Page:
Unpacking the recent controversy over Momentum’s refusal to pay a claim due to non-disclosure.
Insurance group Momentum came under fire recently after it rejected a claim when a Durban man was shot and killed. The insurer rejected paying out R2.4 million because it said Nathan Ganas had not disclosed his high blood sugar levels.
What is interesting about this case is that just over a year ago, Old Mutual faced the same public outcry when it refused to pay out the death benefit of a policy-holder, who had also been murdered, due to the fact that he had not disclosed that he was diabetic.
Both companies were swayed by public opinion to pay out the cover. Initially Momentum stuck to its guns and only repaid the premiums it received for the cover. In a press statement it said “once we have evidence that a client has not acted in good faith, we rectify the matter in an objective manner, and in the interest of fairness to all our clients. If we do not do so, we indirectly encourage the practice of non-disclosure. This will in turn result in a worsening of claims experience which would ultimately increase the premiums for all our clients.”
Change of policy
However, in a further development, Momentum then decided to change its policy on payouts to take consideration of the violence of the death by creating a solution “that will pay an amount equal to the death benefit (limited to a maximum of R3 million) in the case of violent crime, regardless of previous medical history. This will apply to all existing as well as future life cover clients.”
The guarantee applies immediately to all life cover clients, and will be applied retrospectively. Momentum said they were identifying clients who were impacted in this way and will contact their families, including Mrs Ganas, to arrange payment.
Although Momentum has made the decision to make the payment as the death occurred from violent crime, it highlights the fact that legally an insurer does not have to pay out if a policy-holder failed to disclose all information.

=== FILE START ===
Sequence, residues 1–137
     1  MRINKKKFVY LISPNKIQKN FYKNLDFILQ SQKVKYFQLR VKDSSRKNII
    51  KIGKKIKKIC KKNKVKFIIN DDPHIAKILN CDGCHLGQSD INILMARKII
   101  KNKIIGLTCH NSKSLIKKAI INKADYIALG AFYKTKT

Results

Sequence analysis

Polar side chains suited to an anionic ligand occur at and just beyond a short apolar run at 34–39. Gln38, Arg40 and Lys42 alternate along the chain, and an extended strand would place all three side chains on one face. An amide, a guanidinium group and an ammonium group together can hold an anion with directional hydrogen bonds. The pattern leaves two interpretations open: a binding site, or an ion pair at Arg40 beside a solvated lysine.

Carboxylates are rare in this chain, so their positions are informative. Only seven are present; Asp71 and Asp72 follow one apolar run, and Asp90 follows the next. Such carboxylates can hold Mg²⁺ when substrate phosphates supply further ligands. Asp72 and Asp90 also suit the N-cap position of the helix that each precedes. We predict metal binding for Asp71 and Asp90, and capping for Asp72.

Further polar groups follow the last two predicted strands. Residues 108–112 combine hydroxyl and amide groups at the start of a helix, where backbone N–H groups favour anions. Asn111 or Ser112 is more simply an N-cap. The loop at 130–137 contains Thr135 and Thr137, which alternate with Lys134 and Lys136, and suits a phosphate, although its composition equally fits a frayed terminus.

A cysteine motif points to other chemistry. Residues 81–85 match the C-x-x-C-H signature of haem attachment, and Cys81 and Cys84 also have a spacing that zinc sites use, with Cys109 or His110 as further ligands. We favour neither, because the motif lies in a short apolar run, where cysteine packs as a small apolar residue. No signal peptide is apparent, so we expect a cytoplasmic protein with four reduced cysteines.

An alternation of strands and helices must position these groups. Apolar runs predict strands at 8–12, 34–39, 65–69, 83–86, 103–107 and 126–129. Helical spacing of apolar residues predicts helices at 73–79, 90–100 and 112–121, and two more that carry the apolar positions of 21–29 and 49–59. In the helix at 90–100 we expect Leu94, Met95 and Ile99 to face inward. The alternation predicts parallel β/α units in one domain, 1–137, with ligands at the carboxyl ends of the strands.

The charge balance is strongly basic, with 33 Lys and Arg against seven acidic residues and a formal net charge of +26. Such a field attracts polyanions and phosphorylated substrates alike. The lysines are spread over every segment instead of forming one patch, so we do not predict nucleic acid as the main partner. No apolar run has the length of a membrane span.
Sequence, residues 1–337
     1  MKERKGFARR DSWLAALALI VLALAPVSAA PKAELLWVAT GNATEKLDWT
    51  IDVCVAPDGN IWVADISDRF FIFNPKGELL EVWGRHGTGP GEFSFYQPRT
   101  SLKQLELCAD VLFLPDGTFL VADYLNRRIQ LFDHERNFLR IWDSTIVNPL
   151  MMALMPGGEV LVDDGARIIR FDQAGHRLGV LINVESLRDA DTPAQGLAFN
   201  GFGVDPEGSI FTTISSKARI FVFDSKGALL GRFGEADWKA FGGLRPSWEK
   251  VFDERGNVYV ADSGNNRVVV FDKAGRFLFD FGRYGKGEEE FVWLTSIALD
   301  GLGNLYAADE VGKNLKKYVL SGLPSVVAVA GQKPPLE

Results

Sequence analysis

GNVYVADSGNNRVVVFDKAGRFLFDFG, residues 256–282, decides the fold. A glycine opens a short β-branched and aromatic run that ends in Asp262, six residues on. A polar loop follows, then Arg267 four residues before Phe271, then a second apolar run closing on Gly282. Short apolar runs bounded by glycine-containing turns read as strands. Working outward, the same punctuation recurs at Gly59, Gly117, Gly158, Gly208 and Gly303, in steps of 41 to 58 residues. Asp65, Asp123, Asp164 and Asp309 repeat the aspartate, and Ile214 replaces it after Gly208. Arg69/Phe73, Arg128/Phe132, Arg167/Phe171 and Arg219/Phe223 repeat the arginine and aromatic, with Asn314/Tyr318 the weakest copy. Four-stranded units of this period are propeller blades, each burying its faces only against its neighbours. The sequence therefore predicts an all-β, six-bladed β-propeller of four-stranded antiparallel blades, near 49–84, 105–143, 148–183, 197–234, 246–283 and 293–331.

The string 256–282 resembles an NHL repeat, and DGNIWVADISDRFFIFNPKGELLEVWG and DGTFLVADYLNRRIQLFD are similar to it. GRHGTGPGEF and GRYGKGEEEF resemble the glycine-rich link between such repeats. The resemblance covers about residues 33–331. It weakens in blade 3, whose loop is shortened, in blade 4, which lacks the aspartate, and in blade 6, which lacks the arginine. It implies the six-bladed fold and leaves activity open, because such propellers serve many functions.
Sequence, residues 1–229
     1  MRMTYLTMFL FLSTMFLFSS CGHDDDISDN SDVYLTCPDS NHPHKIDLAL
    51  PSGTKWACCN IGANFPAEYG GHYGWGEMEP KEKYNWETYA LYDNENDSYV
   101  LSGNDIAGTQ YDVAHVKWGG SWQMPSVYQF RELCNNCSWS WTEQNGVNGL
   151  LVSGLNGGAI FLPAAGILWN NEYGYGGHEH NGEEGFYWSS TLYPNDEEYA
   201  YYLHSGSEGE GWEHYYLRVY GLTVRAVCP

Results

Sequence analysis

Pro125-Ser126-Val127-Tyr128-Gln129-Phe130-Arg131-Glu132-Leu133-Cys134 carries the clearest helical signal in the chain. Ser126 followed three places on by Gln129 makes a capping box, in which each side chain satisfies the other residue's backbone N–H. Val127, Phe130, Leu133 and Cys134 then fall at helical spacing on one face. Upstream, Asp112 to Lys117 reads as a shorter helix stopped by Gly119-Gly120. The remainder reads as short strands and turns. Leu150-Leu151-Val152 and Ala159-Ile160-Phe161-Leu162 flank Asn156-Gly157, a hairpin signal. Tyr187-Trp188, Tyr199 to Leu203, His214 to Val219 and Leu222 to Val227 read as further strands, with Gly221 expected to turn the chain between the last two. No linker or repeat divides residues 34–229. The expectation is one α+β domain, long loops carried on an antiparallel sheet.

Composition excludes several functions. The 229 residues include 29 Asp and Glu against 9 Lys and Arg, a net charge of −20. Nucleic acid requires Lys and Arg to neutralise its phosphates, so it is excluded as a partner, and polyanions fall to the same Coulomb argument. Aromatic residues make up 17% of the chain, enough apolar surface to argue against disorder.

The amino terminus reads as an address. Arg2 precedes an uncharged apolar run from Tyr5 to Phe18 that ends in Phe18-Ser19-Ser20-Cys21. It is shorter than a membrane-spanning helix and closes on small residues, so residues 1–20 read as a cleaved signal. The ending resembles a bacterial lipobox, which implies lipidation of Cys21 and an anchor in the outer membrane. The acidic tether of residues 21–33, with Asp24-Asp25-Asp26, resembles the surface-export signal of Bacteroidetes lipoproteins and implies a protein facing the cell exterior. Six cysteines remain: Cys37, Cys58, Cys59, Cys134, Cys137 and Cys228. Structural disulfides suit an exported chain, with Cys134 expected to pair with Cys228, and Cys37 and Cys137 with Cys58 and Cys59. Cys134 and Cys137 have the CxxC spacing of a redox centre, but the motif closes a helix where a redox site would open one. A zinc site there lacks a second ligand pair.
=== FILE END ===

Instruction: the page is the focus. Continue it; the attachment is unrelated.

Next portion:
What happens when the non-disclosure is discovered
What normally happens in the case where non-disclosure is discovered, the insurer will reconstruct the underwriting decision to see if the claim is still valid.
The cause of the claim need not be related to the pre-existing condition. For example, if someone does not disclose their heart condition and then claims for cancer treatment, the insurer has the right to reconstruct the policy as a whole.
This means they will consider all the information as though it had been provided upfront and how that would have affected the premium or policy.
It may be that the non-disclosure would have made no difference to the premium or cover, in which case the claim could be paid out in full. If the risk factor, that was not disclosed, would have resulted in a higher premium, then the decision on the amount to be paid would be based on how much cover the lower premium would have bought, had the insurer known about the condition.
In a case where the condition is so severe that cover would have been declined, the claim would not be paid (irrespective of the cause) as the contract would not have existed.
Deliberately misleading the insurer
According to Momentum, Mr Ganas had privately tested his blood sugar level multiple times before taking out cover, the most recent test being two weeks before taking out the cover. All tests had shown elevated blood sugar, which they argue means he deliberately misled them on his forms. According to Momentum based on these blood sugar levels they would have declined his cover which is why they were initially unwilling to make the payment.
It is difficult to prove whether Momentum would have issued the cover, even with a higher risk-rated premium, and it is unusual not to request basic glucose and cholesterol tests when providing cover. Yet, it does send a strong message that if you deliberately lie on your application, you won’t get the cover when you need it most.
Three things to know about non-disclosure
- The most common areas of non-disclosure are related to medical conditions, occupation and financial standing.
- Take time to think about the questions in the application form and provide all the relevant information.
- Check your policy documents once they have been issued because these have a summary of the disclosures. Go back to your adviser or insurer if there are errors or omissions.
This article first appeared in City Press.